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PPARgamma Activation and XIAP Inhibition Mutually Augment their respective Anticancer Effects in Granulosa Cell Tumors of the Ovary

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ESGO State of the Art 2018 Conference

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Abstract

Introduction: Ovarian granulosa cell tumors (GCT) are hormonally active cancers characterized by indolent growth and late, invasive relapse. GCT are unusual in that they have an unexplained propensity for late recurrence. ~80% of patients with aggressive or recurrent tumors die from their disease. Aside from surgery the therapeutic options are very limited. We have identified the nuclear receptor peroxisome proliferator-activated receptor-gamma (PPARgamma) and the X-linked inhibitor of apoptosis protein (XIAP) as potential specific therapeutic targets. PPARgamma, a transcription factor that impedes proliferation and promotes terminal differentiation in granulosa cells (GC), is highly expressed in GCT. Its activity however is transrepressed by constitutive activity of the critical pro-survival NF-kappaB signaling pathway. Constitutive NF-kappaB signaling is potentially a consequence of a positive feed-forward loop involving XIAP, which is also highly expressed in GCT. As a potent inhibitor of apoptosis, XIAP is an attractive therapeutic target. We have shown in vitro that inhibiting XIAP releases NF-kappaB transrepression, and together with PPARgamma activation, induces apoptosis. We thus hypothesize that XIAP antagonism sensitizes GCT to pro-apoptotic strategies such as PPARgamma activation. Methods and Results: Using two GCT-derived cell lines, KGN and COV434 cells, we investigated the anti-tumor effects of combined XIAP inhibition using Smac-mimetics and PPARgamma activation using thiazolidinediones (TZD). Transactivation assays revealed that NF-kappaB transrepression of PPARgamma can be relieved by NF-kappaB or XIAP inhibition. Combined Smac-mimetic and TZD treatment significantly induced apoptosis, reduced cell viability and proliferation in the GCT-derived cells in monolayer and 3D spheroid culture, as well as in a primary GCT explant model. We used the xCELLigence RTCA system to monitor cell invasion and showed that the Smac-mimetic and TZD co-treatment caused a significant delay in cell invasion. Cellular bioenergetic profiling of the KGN cells was assessed using the Seahorse XFp system, and we demonstrate that the combined treatment compromises cell metabolism in KGN cells. We utilized stable isotope labeling with amino acids in cell culture (SILAC) to identify differentially expressed proteins in the KGN cells following TZD and Smac-mimetic co-treatment. We identified a total of 32 differentially expressed proteins, 22 of which were upregulated by ≥1.5 fold with the combined treatment. Upregulated proteins included several involved in metabolic processes including acyl-CoA desaturase (4.50-fold), phosphoglycerate kinase 1 (2.87-fold) and α-enolase (1.75-fold). As PPARgamma plays a pivotal role in lipid and glucose metabolism, upregulation of these proteins is a consequence of PPARgamma activity being restored. Conclusion: This study provides evidence that PPARgamma and XIAP co-treatment has anti-neoplastic effects in GCT. As therapeutics that target these proteins are already in clinical or pre-clinical use, expedient translation to the clinic is possible. We propose that a combination therapy involving the abrogation of XIAP may be of greater efficacy for the treatment of GCT and potentially other ovarian cancer subtypes.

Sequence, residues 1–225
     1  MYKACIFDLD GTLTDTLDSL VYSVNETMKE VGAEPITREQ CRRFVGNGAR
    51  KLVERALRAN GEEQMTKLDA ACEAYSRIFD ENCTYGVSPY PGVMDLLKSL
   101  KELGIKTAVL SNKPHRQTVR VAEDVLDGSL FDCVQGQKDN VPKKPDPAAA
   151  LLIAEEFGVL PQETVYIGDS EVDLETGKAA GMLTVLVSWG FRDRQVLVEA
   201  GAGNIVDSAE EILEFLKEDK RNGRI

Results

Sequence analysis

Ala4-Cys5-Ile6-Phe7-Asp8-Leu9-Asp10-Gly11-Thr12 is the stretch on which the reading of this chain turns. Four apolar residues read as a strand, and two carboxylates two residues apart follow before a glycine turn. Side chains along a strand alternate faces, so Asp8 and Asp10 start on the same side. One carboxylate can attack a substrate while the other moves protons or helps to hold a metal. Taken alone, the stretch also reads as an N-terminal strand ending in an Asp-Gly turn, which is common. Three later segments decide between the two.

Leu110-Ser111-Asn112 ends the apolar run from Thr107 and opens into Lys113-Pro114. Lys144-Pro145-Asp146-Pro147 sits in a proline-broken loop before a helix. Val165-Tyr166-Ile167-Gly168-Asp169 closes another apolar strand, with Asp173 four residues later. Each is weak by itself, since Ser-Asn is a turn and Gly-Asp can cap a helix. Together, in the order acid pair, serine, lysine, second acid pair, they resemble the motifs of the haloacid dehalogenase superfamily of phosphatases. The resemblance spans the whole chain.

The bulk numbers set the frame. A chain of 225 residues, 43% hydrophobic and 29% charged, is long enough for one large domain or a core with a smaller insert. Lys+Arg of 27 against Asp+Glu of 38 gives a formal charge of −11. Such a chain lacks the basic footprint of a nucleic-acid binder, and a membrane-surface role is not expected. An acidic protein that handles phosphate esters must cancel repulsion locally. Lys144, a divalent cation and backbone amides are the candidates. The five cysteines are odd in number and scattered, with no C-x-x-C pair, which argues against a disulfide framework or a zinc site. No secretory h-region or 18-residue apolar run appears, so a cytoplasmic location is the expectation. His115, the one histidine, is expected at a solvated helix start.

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© Copyright 2020 Morressier GmbH.
All rights reserved.